Martin Beck Theatre, (3/05/1981 - 3/07/1981)

First Preview: Jan 26, 1981
Opening Date: Mar 05, 1981
Closing Date: Mar 07, 1981
Total Previews: 31
Total Performances: 4

Category: Musical, Comedy, Original, Broadway

Opening Night Production Staff

Theatre Owned / Operated by Jujamcyn Theaters (under the direction of Richard G. Wolff, President)

Produced by Lee Guber, Shelly Gross, Slade Brown and Jim Milford

Book by Michael Stewart; Music by Charles Strouse; Lyrics by Lee Adams; Musical Director: Mark Hummel; Vocal arrangements by Mark Hummel; Dance arrangements by Daniel Troob; Music arranged by Ralph Burns, Stanley Applebaum, Daniel Troob, Philip J. Lang, Jim Tyler, Gary Anderson, Gerald Alters, Scott Kuney, Coleridge-Taylor Perkinson and Charles Strouse

Conceived by Joe Layton; Directed by Joe Layton

Scenic Design by David Mitchell; Costume Design by Fred Voelpel; Lighting Design by David Hays; Sound Design by Otts Munderloh; Hair Design by Werner Sherer

General Manager: Theatre Now, Inc.; Company Manager: Stephen Arnold

Production Stage Manager: Nicholas Russiyan; Stage Manager: Tony Manzi

Music Contractor: Seymour Press

Video Sequences Created by Wakefield Poole and Frank O'Dowd; Video Consultant: Lee M. Erdman

Still Photographs by Barbara J. Rossi; General Press Representative: Solters / Roskin / Friedman, Inc.; Casting: Mary Jo Slater; Dance Captain: Zoya Leporska; Musical Consultant: Barbara Strouse; Advertising: Ash / LeDonne

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Opening Night Cast

Donald O'ConnorAlbert
Chita RiveraRose
Maurice HinesMtobe
Maria KarnilovaMae Peterson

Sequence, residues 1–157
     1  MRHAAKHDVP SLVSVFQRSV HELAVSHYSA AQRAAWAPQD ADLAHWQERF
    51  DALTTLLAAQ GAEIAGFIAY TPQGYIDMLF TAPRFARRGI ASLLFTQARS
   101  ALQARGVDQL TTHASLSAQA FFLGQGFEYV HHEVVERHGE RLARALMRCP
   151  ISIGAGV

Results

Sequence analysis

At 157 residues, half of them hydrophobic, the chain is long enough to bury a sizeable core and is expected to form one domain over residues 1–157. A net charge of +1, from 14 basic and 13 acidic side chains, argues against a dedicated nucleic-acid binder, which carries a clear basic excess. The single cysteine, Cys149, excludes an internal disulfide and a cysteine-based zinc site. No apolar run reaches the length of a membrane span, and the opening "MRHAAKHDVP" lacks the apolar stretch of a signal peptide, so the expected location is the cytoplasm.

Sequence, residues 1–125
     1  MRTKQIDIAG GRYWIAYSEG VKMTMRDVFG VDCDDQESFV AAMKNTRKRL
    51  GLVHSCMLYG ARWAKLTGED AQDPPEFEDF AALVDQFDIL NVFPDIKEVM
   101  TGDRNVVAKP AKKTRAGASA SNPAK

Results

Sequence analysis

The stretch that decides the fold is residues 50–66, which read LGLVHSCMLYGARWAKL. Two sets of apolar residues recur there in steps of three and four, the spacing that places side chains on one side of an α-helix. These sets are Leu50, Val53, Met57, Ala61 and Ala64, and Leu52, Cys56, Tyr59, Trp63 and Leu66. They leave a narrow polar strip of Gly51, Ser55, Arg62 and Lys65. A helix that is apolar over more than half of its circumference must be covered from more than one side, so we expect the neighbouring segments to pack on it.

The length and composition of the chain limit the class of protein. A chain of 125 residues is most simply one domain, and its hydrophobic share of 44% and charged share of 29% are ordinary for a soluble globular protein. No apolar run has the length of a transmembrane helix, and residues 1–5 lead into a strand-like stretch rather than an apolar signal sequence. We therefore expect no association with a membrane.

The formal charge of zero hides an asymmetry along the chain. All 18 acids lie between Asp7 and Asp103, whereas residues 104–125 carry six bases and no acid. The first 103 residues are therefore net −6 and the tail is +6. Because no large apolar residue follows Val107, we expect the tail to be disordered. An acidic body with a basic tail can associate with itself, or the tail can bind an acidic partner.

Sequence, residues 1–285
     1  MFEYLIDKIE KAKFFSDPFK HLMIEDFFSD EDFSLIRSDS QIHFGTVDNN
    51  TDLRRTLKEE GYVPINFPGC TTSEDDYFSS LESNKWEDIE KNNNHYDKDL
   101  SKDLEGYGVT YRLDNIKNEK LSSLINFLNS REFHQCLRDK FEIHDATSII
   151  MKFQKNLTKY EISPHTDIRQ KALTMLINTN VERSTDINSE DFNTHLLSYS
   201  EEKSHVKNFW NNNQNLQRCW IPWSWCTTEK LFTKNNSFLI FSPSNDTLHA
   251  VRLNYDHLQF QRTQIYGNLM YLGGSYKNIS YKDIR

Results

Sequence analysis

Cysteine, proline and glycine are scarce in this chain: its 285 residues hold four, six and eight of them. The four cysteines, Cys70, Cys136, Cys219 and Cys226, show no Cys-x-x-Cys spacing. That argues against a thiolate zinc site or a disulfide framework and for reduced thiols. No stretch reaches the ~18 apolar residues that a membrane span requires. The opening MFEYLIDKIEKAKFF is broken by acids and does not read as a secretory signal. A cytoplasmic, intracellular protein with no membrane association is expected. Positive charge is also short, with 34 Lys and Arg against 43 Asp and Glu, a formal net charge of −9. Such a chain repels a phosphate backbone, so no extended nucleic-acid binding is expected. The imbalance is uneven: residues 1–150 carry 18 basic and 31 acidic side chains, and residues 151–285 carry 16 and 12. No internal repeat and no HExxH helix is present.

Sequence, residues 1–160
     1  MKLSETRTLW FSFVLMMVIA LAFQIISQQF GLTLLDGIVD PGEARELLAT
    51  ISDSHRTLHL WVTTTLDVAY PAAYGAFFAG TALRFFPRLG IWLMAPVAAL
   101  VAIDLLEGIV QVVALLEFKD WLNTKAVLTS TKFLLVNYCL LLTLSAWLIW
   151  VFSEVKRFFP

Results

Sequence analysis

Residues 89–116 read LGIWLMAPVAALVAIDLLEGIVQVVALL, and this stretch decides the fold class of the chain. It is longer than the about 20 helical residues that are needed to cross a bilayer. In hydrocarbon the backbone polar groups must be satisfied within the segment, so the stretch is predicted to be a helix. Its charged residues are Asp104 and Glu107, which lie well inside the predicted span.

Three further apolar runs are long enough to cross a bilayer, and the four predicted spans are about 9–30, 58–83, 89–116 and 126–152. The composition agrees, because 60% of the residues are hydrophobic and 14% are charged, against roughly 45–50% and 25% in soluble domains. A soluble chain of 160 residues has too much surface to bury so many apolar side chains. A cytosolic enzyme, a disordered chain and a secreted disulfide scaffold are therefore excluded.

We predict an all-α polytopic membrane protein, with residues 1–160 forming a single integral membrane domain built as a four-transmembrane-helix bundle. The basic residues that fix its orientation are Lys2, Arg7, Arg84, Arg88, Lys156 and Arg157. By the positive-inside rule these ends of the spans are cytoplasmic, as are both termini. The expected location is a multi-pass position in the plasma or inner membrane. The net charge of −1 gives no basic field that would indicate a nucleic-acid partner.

Cleve Asbury"Filth" Group
Stage Door Johnnie
Bill BatemanTourist
Reporter #1
Stage Door Johnnie
Vanessa BellGirl Friend
Chorus Girl
Birdette
Michael BlevinsCameraman
Jeb BrownGary
"Filth" Group
Julie CohenGirl Friend
Frank DeSalPorter
Rev. Sun
Reporter #3
Street Cleaner
Stage Door Johnnie
Leon Evans"Filth" Group
Lynnda FergusonRose II
Marcel ForestieriMayor C.B. Townsend
Mark Frawley"Filth" Group
Betsy FridaySunnie
Chorus Girl
Birdette
Larry HymanIndian Brave
Reporter #3
Christine LangnerGirl Friend
Zoya LeporskaTourist's Wife
Effie
Donna MonroeReporter #2
Robin MorseJenny
Peter Oliver NormanHouse Manager
Stage Door Johnnie
Howard ParkerHogan
Guard
Marshall
Kevin PetittWalter
Rebecca RenfroeShopping Bag Lady
Chorus Girl
Birdette
Evan SeplowAlbert, Jr.
"Filth" Group
Barbara Dare ThomasGirl Friend
Janet WongIndian Squaw

Swings: Porter Hudson and Donna Ritchie

Standby: Howard Parker (Albert) and Michon Peacock (Rose)

Understudies: Cleve Asbury (Gary), Bill Bateman (Conrad), Michael Blevins (Albert, Jr.), Betsy Friday (Rose II), Zoya Leporska (Mae Peterson) and Peter Oliver Norman (Mtobe)

Awards and Nominations

Tony Award®

 1981 Best Actress in a Musical [nominee] 

Chita Rivera

Drama Desk Award

 1981 Outstanding Actress in a Musical [nominee] 

Chita Rivera

Songs

music by Charles Strouse; lyrics by Lee Adams

ACT 1 Sung By
Twenty Happy YearsRose and Albert
Movin' OutJenny, Gary and Kids
Half of a CoupleJenny and Girl Friends
I Like What I DoRose
Bring Back BirdieMtobe and Company
Movin' Out (Reprise) Kids
Baby, You Can Count On MeAlbert
A Man Worth Fightin' ForRose and Cowboys
You Can Never Go BackMayor C.B. Townsend
FilthFilth
Back in Show Biz AgainAlbert
ACT 2 Sung By
Middle Age BluesAlbert
Inner PeaceRose, Rev. Sun and Sunnies
There's A Brand-New Beat in HeavenMtobe and The Tucson Tabernacle Choir
Twenty Happy Years (Reprise) Albert
Well, I'm Not!Rose
When Will Grown-ups Grow Up?Kids
Middle Age Blues (Reprise) Albert
YoungAlbert
Show GirlsZepol Sisters and Stage Door Johnnies
Bring Back Birdie (Reprise) Conrad and The Birdettes
Twenty Happy Years (Reprise) Albert and Rose

Reviews


New York Daily News: "Fogbound 'Birdie' lost in flight"